Mercury is Shrinking and Cooling, Space Probe Reveals

By Eliza Strickland | July 3, 2008 4:07 pm

MercuryLast January, NASA‘s Messenger probe swooped past Mercury, dipping down to within 125 miles of its surface to take pictures and scientific measurements of the solar system‘s smallest and hottest planet. Now the results have been analyzed, and researchers say the little planet is full of surprises.

Among other revelations, researchers realized that Mercury has a molten iron core that accounts for its strong magnetic field, but that its core is cooling, which explains the fact that the planet has shrunk more than a mile in diameter. Mission scientist Sean Solomon explains: Because solid iron is denser than the liquid form, “as you grow the inner core, the whole volume of the core shrinks,” he says, causing the planet itself to contract [Scientific American]. Messenger’s pictures reveal steep cliffs called “scarps” that researchers believe were pushed upward by the planet’s contraction.

The intriguing findings may win some respect for Mercury, researchers say. Mercury has long been considered little more than a hot rock, with daytime surface temperatures ranging up to 1,100 degrees Fahrenheit. But Messenger has uncovered a more surprising place, with peaks reaching up to 15,000 feet and vast basins stretching hundreds of miles across the planet’s surface…. “[W]hen you experience Mercury close up, you perceive a complex system and not just a ball of rock and metal” [Los Angeles Times], says project scientist Ralph McNutt.

The Messenger probe, whose name is an acronym for the Mercury Surface, Space Environment, Geochemistry and Ranging spacecraft, was only the second spacecraft to investigate Mercury; Mariner 10 swung around the planet in 1974 and 1975. The results of Messenger’s first flyby appear in a special section of tomorrow’s edition of Science [subscription required], but scientists hope for more revelations in its two subsequent flyby maneuvers. The second and third passes (to occur on Oct. 6 of this year and in September 2009, respectively) and the spacecraft’s year-long orbital phase will likely yield even more information and shed further light on the history of the inner-most planet [].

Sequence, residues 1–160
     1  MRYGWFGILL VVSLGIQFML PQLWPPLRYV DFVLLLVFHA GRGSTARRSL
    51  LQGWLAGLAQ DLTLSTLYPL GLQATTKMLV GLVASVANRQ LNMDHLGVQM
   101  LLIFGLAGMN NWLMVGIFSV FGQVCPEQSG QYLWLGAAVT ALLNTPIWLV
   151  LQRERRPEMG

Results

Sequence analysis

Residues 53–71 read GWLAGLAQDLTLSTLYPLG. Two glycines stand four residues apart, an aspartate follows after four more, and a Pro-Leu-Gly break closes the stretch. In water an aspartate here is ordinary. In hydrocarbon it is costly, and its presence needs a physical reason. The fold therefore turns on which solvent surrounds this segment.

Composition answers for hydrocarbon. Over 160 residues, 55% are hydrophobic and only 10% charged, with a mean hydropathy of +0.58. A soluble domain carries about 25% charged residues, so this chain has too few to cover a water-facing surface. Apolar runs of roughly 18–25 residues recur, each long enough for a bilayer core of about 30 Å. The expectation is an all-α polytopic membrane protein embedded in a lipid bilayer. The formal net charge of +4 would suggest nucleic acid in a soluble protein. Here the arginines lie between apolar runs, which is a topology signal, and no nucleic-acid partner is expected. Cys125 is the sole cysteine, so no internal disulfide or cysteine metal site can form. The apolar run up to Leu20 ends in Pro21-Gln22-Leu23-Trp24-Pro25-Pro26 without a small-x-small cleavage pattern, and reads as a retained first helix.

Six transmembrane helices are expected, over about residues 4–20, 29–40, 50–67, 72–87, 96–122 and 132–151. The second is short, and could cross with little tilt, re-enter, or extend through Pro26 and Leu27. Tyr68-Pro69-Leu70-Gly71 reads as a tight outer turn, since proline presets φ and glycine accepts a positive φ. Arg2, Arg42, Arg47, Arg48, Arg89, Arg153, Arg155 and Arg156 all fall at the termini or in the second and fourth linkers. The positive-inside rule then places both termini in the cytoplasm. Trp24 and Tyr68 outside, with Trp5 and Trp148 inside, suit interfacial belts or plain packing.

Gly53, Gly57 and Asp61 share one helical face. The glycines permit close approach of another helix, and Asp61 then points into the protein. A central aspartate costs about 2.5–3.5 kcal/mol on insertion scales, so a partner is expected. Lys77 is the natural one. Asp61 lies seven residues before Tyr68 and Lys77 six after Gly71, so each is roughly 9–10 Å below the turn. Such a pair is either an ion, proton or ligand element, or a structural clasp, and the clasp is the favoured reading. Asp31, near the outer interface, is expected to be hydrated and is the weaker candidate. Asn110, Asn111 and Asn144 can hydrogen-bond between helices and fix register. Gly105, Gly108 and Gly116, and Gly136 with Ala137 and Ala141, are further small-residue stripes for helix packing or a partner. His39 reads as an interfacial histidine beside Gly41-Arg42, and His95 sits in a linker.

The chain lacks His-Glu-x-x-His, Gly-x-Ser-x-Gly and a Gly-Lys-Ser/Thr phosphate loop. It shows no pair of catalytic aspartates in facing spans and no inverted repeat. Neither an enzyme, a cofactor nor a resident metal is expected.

For pictures of Mercury’s surface taken during Messenger’s January flyby, check out the DISCOVER story “Mercury’s Secrets Revealed.”

Image: NASA

  • Christina

    Is the above article really true?

    I thought all planets had a solid core, as most were originally comets that have been captured into our solar system, & then developed into planets.

    Wouldn’t the sun have more influence on Mercury re the magnetic field?

    Perhaps especially so, since fusion is at the sun’s surface?


  • Eliza Strickland

    Your two questions are related: A liquid core is thought to be the basis of a planet’s magnetic field.

    The Earth is thought to have a magnetic field because of its liquid outer core, made of iron and nickel. According to dynamo theory this conductive liquid is “stirred” by the Earth’s rotation, which generates an electric field. That in turn generates a magnetic field.

    You can’t believe everything you read on Wikipedia, but it’s a good place to start:

  • Bystander

    “as most were originally comets that have been captured into our solar system, & then developed into planets”

    “since fusion is at the sun’s surface”

    Since your other two inquiries were answered I thought I would ask about these remarks. Where did you gather this information. I have to question whether this is some kind of joke, perhaps some theory I’m unfamiliar with, or you simply do not know what you are talking about. Forgive me if I seem rude, it is not my intention.

    More on topic, since it is cooling and shrinking will/when it collapse and implode? Or maybe just remain a dense ball of metals?

  • Planet Mercury

    Although Mercury has a magnetic field it is very weak, only 1% the strength of Earth’s.


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